"...and God saw that it was good."
-Genesis 1:4 and 1:9 and 1:12 and 1:18 and 1:21 and 1:25
Every few years I teach through the beginning of Genesis with our church. I think many times we miss the point of this origin story, reducing it to a scientific prooftext that doesn't really lead us to encounter a God full of creative goodness and relationship.
The story that begins us is remarkably different from the origin stories of other cultures. Instead of the world being created as a result of a cosmic battle between the gods, our story says that world is created simply by the power of God's good word.
For the God of love, words create worlds. And the world God creates is deeply, wonderfully, fully, good. No other ancient origin story was like that. It was radical. Still is.
So I've been thinking a lot about about the power of words, and about partnering to create cultures of goodness.
My friend J.R. Briggs recently taught me about a word that he has become familiar with. It's called "freudenfreude."
Now, you may have heard the word "schadenfreude" before. It's a German word that refers to the not-so-great human tendency to delight in the misery of other people. This is when folks are happy to see that guy get "what was coming to him." It's that deeply disturbing character flaw in my children that makes them laugh hysterically every time I stub my toe and roll on the ground in agony for 5 minutes. That's messed up, guys.
And yet, we all know that feeling. And it's not always so humorous. It can stem from jealousy, competition, or the desire for people to be put in their place. Even in its most innocent forms, "schadenfreude" is often rooted in this thought: I'm glad that's not me!
But there's an opposite word out there too. Social scientists use the word “freudenfreude,” (from the German word for joy) to describe the bliss that we feel when good things happen to someone else, even if it has no benefit to us. It's that moment when we see something wonderful happen to someone, and we are just grateful that such goodness exists. It's linked to wanting the best for others. And that means that it's linked to Jesus' call to love our neighbors, and to God's vision of creating cultures marked by goodness.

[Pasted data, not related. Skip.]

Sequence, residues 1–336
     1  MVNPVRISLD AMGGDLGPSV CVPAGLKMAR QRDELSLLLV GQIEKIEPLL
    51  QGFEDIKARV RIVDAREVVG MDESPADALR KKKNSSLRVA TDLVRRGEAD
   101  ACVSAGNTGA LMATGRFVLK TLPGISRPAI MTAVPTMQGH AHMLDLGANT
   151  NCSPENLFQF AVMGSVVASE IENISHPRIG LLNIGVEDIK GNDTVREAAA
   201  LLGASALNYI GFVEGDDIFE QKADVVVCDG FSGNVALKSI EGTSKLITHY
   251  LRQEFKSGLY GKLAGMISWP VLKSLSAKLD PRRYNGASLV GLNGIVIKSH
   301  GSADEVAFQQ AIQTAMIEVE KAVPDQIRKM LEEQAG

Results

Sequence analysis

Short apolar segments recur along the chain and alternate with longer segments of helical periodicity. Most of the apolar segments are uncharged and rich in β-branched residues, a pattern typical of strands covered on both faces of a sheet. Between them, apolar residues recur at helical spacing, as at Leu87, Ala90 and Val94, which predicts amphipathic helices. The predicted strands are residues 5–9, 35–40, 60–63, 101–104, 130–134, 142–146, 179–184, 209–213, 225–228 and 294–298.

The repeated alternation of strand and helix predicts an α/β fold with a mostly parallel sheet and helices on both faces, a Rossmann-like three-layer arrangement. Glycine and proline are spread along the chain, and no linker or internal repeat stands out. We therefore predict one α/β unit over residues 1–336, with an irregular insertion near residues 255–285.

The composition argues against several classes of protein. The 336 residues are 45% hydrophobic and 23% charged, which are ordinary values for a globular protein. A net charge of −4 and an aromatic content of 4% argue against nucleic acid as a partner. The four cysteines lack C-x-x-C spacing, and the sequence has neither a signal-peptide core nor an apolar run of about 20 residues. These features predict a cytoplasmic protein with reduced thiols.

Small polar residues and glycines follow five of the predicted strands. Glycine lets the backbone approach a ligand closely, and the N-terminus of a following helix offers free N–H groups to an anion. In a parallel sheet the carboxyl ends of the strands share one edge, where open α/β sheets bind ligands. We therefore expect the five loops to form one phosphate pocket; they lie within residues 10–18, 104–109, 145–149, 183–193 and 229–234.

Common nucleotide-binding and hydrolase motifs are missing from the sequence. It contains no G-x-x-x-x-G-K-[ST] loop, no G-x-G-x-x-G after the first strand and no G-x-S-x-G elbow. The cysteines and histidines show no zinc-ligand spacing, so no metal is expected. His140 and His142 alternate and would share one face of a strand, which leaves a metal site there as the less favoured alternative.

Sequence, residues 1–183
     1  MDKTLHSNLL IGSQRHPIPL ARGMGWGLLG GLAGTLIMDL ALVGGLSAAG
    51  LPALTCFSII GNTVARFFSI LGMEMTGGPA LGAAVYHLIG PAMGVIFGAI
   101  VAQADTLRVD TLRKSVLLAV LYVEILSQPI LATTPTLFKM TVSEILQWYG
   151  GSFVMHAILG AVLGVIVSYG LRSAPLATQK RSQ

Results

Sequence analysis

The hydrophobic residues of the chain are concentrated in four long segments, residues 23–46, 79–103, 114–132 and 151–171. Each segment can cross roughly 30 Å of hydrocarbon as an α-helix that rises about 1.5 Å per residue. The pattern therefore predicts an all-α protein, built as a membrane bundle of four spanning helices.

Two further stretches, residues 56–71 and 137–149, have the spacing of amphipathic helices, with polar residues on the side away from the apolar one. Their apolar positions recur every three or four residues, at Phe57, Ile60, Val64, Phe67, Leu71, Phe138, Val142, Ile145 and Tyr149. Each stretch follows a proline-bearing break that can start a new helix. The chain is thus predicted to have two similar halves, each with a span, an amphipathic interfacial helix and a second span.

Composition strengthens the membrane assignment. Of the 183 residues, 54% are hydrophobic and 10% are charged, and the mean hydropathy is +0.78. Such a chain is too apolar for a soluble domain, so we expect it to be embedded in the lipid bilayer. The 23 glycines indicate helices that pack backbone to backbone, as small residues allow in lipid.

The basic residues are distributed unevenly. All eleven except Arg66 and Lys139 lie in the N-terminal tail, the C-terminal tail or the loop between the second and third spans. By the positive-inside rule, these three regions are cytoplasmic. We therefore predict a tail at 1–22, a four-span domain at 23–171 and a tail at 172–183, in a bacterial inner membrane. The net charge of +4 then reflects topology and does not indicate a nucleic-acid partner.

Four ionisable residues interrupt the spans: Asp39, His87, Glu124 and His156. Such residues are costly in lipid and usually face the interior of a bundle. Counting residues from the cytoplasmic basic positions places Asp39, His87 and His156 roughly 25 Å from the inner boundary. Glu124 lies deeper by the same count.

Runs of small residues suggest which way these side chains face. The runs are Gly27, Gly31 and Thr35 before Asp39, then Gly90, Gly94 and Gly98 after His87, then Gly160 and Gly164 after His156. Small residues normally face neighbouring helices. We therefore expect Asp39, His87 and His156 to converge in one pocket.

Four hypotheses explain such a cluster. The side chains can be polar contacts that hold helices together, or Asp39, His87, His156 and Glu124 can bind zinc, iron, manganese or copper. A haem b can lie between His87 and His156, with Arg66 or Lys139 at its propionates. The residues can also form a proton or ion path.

What if we tried to be more intentional with our words and thoughts in this way? How would it change our lives to see good things happening to and through people, and tell them how wonderful we think it is? What if our natural inclination was to notice what is delightful about someone instead of what we don't like? And even beyond that.... what if our character became so Christlike that we just genuinely got happy when others experience good fortune? Can you imagine how much that would impact our communities? Our churches would be noticeable places of goodness and shared joy. People could come in and experience a refuge from the competitive and comparative environments around them, realizing that we truly want each other to flourish, and we delight in it.
God has given us abundant life. And there is no shortage of it. There is grace enough for everyone, without reservation. Therefore, we can leave behind the need to protect our "piece of the pie." We can leave behind our need to see mean people "get their due." We can leave behind the jealousy that threatens to steal our God-enabled joy and contentment.
Instead, we can long for goodness and freedom for each person, even the people we don't like or agree with! And we can participate in helping each other experience the goodness that flows from God's good world and God's good word.
We can be people who practice freudenfreude, thinking "I'm glad it's them!" for all the right reasons.
Take a look today. Where can you notice someone around you and delight in God's goodness toward them?
Jesus, shape my identity so deeply that I effortlessly delight in goodness for others.